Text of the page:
Dominos will fall. Many big questions will be answered if we get the fundamentals right first. I think by now, after all the discussions in my previous posts, you already have an idea what those mysterious dolmens are all about. Yes, those enigmatic dolmens are like mass-distributed business cards, or the equivalent of modern wall graffiti that say “John was here” written in all four corners of the world. Those ancient monument builders from realities high up the mind column were here and they were part of our forgotten history comprising more than 6,000 years.
The effects of their past presence among humans were imprinted in the circuitry of our brains, enabling us to speak fluently, write complex composition like what I have been doing here, and think about abstract concepts such the meaning of metaphors. These abilities we take for granted now, as if these are default human settings. No, these are not. It took a lot of sacrifice and effort to develop these human capacities over very long periods of time. Without those sacrifices, without their active intervention, and if we were just left alone to our own devices, chances are, we would still be roaming the forests and savannas hunting wild animals and looking for berries at this time of our existence.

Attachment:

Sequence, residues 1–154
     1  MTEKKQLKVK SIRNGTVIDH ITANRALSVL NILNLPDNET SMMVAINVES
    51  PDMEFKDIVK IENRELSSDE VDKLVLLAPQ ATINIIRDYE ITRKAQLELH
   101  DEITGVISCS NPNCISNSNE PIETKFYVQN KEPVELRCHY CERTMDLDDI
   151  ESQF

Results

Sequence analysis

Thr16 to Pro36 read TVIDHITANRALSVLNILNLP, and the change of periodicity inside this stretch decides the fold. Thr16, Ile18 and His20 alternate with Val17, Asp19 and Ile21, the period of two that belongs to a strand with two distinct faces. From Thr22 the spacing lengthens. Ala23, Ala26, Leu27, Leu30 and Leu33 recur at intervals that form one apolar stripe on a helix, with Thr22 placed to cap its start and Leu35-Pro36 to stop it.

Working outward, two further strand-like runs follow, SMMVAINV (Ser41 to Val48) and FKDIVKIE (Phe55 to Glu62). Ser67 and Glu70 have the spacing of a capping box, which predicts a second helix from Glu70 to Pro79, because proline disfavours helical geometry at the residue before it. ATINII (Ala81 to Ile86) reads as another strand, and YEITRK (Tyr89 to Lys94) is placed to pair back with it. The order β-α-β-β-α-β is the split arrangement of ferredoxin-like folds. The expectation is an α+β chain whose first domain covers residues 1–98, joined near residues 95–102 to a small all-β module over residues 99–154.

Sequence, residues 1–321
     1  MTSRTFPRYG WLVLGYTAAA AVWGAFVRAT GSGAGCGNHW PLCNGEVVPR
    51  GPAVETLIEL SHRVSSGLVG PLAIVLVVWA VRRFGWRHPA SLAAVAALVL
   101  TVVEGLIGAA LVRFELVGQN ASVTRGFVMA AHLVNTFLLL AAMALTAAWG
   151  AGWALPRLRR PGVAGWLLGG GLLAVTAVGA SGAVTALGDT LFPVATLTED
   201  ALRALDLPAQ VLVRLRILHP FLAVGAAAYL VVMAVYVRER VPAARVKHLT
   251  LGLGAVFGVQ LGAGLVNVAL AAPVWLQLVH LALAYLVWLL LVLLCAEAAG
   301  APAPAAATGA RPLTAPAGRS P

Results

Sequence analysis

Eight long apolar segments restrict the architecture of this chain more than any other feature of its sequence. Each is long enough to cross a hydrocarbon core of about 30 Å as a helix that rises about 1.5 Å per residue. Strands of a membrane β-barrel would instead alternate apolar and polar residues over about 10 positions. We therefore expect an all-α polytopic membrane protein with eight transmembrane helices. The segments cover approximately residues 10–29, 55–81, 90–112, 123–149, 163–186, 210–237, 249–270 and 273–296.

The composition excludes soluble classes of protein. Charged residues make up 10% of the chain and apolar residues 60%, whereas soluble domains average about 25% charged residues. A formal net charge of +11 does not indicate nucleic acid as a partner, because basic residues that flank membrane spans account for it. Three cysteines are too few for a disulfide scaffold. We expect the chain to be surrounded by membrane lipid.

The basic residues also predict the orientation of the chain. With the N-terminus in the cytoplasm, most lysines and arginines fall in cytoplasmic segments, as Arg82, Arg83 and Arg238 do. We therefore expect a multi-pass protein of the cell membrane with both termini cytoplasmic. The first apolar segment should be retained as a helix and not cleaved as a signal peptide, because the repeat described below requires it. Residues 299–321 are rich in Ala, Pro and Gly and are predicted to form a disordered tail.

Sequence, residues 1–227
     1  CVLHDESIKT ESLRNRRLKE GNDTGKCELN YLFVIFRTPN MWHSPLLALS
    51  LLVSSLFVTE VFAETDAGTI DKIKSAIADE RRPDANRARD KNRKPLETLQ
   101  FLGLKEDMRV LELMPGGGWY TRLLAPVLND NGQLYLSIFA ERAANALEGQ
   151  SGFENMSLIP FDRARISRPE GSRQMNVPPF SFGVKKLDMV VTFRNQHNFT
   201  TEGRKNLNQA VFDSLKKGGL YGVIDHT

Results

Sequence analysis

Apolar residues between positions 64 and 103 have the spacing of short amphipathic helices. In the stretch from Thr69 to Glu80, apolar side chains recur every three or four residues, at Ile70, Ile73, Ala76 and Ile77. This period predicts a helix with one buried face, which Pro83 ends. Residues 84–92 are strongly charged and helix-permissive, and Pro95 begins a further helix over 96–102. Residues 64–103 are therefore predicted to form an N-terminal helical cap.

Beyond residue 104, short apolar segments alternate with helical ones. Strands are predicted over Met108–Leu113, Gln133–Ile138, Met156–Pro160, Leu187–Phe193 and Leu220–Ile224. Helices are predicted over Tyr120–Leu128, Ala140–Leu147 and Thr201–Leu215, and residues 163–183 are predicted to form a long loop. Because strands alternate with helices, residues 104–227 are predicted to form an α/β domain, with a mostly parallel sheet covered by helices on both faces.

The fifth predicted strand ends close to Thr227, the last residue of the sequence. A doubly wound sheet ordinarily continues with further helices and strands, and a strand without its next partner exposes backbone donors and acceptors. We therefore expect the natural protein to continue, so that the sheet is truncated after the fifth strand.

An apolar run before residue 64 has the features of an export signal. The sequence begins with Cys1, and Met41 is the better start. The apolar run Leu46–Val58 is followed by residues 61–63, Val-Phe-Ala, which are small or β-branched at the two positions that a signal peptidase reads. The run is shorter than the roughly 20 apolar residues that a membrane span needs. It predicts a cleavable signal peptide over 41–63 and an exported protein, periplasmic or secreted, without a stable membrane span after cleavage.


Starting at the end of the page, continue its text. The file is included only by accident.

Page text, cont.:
Those intellectually highly-evolved ancestors of ours, with their steady and direct access to influences coming from realities high up their mind columns even while they were in this physical world, did not want us to stay forever ignorant of our past, of our heritage. So they left us with signs that they were here among humans a long time ago – by placing enigmatic dolmens all over the place. They intentionally left behind these signs so that future generations of humans, thousands of years from their time, would have the opportunity to solve the riddles of humanity’s past. They built the dolmens as puzzling and enigmatic as possible, lacking any practical use, almost impossible to build using available human tools at that time, located in the remotest of places if possible, and scattered in the vast expanse of this world.
Understanding our heritage is important if we want to understand our own selves, our nature as human beings. A deep understanding of our nature as human beings will then allow us to take our destiny in our own hands. We would have a map to guide us in our individual journeys. Ignorance is costly. If we have a reliable map, then we will be able to minimize mistakes, optimize opportunities, and there will be less suffering in this world.
(Thanks to pixabay.com for all the photos above)